She was born in the USA, started a family in the USA, and her husband was stolen from her by the USA.

Emily fell in love with a man named Pedro. They got married and had an adorable little kid. Pedro had come to the States when he was 8. His family was here legally and seeking permanent residency. His mother had memory problems, made an error in her hearing, and was denied permanent residency. The feds still had a work visa for Pedro and sent it to an old address (despite having sent previous visas to his current one). When he didn't respond, they decided to deport him – even though they sent it to the wrong address. And that is where our story begins...

If you'd like to learn more about helping people being shuttled off away from their families, go here.

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Instagram / Frères Branchiaux Candle Co.

Three young Maryland brothers who started a candle company to buy new toys now donate $500 a month from their successful business to help the homeless.

Collin, 13, Ryan, 11, and Austin, 8, Gill founded "Frères Branchiaux," which is French for Gill Brothers, after their mom told them they could either get a job or start a business if they wanted more video games and Nerf guns.

"They surprised me when they started a business and they started selling at their baseball and football games and they've moved on to a vending truck," Celena Gill told Good Morning America.

The three of them have been making the candles in their Indian Head home for the last two years and business is booming, with 36 stores carrying the boys' products and a deal with Macy's in the works. They sell nearly 400 candles a month, priced from $18 to $36, along with other products like diffuser oils, room sprays, soap, bath bombs and salts, according to the Washington Post.


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A BEAUTIFUL DAY IN THE NEIGHBORHOOD - Official Trailer (HD) www.youtube.com

As a child, I spent countless hours with Mister Rogers. I sang along as he put on his cardigan and sneakers, watched him feed his fish, and followed his trolley into the Land of Make Believe. His show was a like a calm respite from the craziness of the world, a beautiful place where kindness always ruled. Even now, thinking about the gentle, genuine way he spoke to me as a child is enough to wash away the angst of my adult heart.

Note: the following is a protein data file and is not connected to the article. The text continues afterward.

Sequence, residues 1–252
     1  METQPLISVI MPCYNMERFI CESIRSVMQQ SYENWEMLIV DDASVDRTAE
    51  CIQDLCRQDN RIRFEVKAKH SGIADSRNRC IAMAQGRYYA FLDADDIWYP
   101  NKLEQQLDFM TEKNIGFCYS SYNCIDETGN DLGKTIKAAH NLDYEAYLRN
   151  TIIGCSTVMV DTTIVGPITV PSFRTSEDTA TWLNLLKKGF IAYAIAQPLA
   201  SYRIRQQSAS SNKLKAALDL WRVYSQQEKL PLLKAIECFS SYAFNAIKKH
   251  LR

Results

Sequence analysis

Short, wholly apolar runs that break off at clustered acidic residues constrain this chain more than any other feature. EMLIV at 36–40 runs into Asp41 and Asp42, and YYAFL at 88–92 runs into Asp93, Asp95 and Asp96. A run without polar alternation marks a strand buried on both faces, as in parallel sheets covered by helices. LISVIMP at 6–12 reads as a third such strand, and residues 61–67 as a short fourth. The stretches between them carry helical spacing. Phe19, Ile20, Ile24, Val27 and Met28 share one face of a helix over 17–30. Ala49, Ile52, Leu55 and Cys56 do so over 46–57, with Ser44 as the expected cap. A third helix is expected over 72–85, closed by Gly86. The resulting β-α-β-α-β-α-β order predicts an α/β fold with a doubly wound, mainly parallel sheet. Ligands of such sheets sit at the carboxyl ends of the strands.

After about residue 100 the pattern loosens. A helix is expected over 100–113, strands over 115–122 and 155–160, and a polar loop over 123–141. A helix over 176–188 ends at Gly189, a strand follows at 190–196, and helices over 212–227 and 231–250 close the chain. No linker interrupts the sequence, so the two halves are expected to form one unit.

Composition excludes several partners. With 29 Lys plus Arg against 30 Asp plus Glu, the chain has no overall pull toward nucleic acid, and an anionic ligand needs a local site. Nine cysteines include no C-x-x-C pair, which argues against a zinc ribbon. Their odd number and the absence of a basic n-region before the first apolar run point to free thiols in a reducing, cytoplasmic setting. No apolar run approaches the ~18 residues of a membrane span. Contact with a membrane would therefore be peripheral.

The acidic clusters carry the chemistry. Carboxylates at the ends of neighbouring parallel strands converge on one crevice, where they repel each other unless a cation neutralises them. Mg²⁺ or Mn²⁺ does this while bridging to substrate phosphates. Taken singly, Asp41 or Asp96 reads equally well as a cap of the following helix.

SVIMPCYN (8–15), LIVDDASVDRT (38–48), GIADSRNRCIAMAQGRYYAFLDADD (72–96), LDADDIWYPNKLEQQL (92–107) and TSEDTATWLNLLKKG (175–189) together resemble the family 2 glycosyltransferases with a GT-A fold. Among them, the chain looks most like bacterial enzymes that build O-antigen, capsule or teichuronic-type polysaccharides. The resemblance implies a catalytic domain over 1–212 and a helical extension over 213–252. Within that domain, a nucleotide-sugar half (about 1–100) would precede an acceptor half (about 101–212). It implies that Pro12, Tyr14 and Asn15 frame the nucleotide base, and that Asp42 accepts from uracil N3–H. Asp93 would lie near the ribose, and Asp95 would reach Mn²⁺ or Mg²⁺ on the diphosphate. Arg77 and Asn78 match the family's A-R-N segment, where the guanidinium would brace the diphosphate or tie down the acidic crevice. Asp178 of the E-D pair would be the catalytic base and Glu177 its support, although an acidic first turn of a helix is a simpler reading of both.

Fred Rogers was goodness personified. He dedicated his life not just to the education of children, but to their emotional well-being. His show didn't teach us letters and figures—he taught about love and feelings. He showed us what community looks like, what accepting and including different people looks like, and what kindness and compassion look like. He saw everyone he met as a new friend, and when he looked into the camera and said, "Hello, neighbor," he was sincerely speaking to every person watching.

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via ManWhoHasItAll

Recently, Upworthy shared a tweet thread by author A.R. Moxon who created a brilliant metaphor to help men understand the constant anxiety that potential sexual abuse causes women.

He did so by equating sexual assault to something that men have a deep-seeded fear of: being kicked in the testicles.

HBO didn't submit 'Brienne' from Game of Thrones for an Emmy. So, she did it herself.

An anonymous man in England who goes by the Twitter handle @manwhohasitall has found a brillintly simple way of illustrating how we condescend to women by speaking to men the same way.

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